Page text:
What is it about spring that makes me crave all things lemon? After all, just as citrus season is technically ending, this urge for it kicks in. I guess this is one instance where year round availability is advantageous, even though I’m a big proponent of eating locally and seasonally as much as possible, being able to enjoy homemade lemon curd regardless of season is nice.
I’d been craving lemon meringue pie. Unlike other pies where you can somewhat quickly pull together a piecrust, mix up you favorite fruit filling, and bake it, lemon meringue requires more thought and advance planning.
You need to first make and pre-bake your piecrust. While that’s cooking and cooling, you prep the bottom layer of the filling, the lemon curd. Once it’s ready to serve, you make the meringue topping.
The individual components really aren’t too difficult to make but they take time I don’t always have, so breaking it up into stages (regardless of what some recipes might tell you), is how I found making lemon meringue pie to be as enjoyable as the eating of it. I’ll talk more about the crust and meringue topping when we get to the actual post for assembling the pie.
Today, we’re talking curd, homemade lemon curd (in my mind I said that in my best James Bond voice).
After making lemon curd for the last year or so, it only just occurred to me that the best lemon curd includes a teeny bit of orange juice. Just a tablespoon adds some balance, bridging the tartness of the lemons, potential cloyingness of the sugar, and richness of the butter. You won’t taste any orange, but without it, you’ll most definitely notice your lemon curd is more pucker-worthy.
This lemon curd recipe includes a starch to ensure a thick set since my main goal is using it for pie filling. If you’re planning to serve it with scones or crisp meringues (it would be amazing in this pavlova), you can omit the starch, if you prefer. I’ve made this with cornstarch and potato starch, both being rather interchangeable, however, if you’re planning to serve this during Passover, or hosting guests that observe Passover, then you should use potato starch.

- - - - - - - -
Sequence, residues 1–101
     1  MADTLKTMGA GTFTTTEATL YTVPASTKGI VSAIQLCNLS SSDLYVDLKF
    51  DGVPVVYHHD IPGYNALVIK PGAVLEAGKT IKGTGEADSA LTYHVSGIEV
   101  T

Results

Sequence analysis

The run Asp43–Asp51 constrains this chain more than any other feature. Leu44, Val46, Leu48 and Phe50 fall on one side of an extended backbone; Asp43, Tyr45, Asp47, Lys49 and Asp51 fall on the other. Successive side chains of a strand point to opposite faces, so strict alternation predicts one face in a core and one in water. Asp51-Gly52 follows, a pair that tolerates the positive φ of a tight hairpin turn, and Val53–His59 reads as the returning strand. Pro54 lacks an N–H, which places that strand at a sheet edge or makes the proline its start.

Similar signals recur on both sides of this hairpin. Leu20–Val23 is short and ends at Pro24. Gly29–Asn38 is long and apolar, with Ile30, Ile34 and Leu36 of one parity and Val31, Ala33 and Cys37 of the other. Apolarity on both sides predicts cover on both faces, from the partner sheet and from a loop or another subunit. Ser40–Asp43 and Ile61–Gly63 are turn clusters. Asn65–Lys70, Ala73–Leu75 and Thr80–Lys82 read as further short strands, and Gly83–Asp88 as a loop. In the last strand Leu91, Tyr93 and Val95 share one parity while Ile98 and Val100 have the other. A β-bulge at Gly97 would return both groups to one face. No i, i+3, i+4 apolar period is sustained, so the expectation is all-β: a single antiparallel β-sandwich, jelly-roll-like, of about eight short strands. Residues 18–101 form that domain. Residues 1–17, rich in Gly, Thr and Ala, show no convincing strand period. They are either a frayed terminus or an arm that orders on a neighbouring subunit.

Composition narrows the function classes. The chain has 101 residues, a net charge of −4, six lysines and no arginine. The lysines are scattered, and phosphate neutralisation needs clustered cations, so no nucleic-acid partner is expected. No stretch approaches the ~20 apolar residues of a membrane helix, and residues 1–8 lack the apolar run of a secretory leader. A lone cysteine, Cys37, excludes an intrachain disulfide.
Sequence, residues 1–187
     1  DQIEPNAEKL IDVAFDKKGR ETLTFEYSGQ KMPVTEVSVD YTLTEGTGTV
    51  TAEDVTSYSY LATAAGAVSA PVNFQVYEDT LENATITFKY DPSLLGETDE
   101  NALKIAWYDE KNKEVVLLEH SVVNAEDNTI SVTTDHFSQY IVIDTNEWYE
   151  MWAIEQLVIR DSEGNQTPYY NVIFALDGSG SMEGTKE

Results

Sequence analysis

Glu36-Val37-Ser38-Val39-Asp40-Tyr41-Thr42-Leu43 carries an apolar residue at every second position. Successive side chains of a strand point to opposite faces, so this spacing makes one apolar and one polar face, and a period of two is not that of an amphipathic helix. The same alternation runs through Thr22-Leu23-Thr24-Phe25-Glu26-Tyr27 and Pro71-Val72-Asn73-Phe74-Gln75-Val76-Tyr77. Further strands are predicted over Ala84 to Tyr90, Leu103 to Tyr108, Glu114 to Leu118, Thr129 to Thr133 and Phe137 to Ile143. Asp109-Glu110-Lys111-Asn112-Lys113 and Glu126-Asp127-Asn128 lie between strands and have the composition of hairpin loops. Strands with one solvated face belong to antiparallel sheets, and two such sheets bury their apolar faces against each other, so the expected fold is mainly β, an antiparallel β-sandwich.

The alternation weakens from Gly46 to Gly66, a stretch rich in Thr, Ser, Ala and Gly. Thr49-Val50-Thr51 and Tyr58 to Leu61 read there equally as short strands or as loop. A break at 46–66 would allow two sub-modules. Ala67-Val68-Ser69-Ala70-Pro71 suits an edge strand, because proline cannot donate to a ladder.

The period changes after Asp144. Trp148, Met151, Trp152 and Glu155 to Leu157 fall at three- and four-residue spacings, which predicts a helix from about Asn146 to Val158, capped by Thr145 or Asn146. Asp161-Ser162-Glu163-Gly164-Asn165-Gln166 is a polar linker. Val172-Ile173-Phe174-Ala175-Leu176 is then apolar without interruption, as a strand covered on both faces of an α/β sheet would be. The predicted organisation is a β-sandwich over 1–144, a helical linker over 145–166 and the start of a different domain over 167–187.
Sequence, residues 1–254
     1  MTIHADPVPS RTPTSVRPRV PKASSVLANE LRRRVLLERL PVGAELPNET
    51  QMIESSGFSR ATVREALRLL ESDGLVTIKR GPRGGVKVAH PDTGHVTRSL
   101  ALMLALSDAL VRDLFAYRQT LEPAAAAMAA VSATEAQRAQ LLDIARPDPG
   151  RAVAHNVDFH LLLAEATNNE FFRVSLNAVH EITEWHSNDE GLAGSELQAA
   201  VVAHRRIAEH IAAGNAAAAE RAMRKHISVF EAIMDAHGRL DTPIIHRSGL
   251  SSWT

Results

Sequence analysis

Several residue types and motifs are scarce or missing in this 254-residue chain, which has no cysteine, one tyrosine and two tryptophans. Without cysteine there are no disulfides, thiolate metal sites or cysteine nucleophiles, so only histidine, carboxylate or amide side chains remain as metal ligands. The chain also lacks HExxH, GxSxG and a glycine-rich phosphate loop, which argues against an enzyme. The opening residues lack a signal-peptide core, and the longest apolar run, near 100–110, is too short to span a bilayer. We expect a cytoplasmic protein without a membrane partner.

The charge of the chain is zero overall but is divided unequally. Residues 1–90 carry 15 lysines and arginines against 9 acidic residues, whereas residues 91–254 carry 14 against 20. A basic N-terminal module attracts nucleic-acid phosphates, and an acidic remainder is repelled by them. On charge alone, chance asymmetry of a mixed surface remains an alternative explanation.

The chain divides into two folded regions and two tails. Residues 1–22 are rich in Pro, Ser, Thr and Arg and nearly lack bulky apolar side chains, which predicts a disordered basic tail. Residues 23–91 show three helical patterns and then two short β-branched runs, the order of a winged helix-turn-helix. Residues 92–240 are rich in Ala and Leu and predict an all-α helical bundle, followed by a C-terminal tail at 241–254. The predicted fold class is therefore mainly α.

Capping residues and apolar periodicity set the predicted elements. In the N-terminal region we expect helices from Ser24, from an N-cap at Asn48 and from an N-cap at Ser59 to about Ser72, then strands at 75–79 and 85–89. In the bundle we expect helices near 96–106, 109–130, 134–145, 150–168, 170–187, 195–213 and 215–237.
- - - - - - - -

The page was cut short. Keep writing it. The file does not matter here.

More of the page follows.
Regarding texture, I often skip straining mine, not minding the bits of zest. The photos here are of strained lemon curd because of course the day I decided to shoot them was also the day I decided to contradict my own non-straining lemon curd ways.
If you prefer a very smooth curd, you can press it through a sieve to remove the pulp and zest. Be sure to do so immediately after removing from the heat before the curd thickens up too much. The curd can be stored in a glass jar in the fridge, to use on muffins, scones, or if like me, you’re planning in advance to make lemon meringue pie (recipe coming soon, promise!).
Nine Years Ago: Sweet Potato Cheddar Muffins, Sweet Potato Pancakes
Eight Years Ago: Orange & Sesame Tofu Stir Fry, Homemade Nutella, Lentil Burgers
Seven Years Ago: Crispy Chewy Oatmeal Raisin Cookies, French Onion Tart, Chocolate Buttermilk Doughnuts
Six Years Ago: Everyday Banana Bread, A Kiss to Build a Dream
Five Years Ago: That Girl, Eternal Flame
Four Years Ago: Peanut Butter & Chocolate Cinnamon Buns, Moroccan Mint Tea, Crispy Oven Fries
Three Years Ago: Irish Soda Bread, Blood Orange Sour Mix, How to Make Brown Butter
Two Years Ago: Pork Milanese, Homemade Vegetable Egg Rolls, Lemon Poppy Pancakes, Slow Roasted Chicken Soup
One Year Ago: Homemade Saltines, Buckwheat Soda Bread, Micheline’s Cucumber Salad, Lemon Honey Chess Pie
Homemade Lemon Curd
- 4 large egg yolks save whites for another use
- Juice & zest of 2 large lemons you should have ½ cup of lemon juice
- 1 tablespoon fresh squeezed orange juice
- ½ cup 100 grams granulated natural cane sugar
- 4 teaspoons 13 grams potato starch or cornstarch
- 5 tablespoons butter softened & cut into 10 pieces
- Combine the egg yolks, zest, juice, ½ cup sugar, and starch in a medium pot. Whisk until well blended. Place pot over low heat, and cooking, stirring frequently, until the mixture is hot, about 1 minute. Whisk in the butter, one piece at a time. Continue to cook over low heat, whisking constantly until the curd thickens up just enough to cling to the back of a spoon.
- Remove from the heat, and spoon into a jar. Cover with plastic film, pressing onto the surface of the curd so a skin doesn’t form. May be stored in the fridge for up to one week.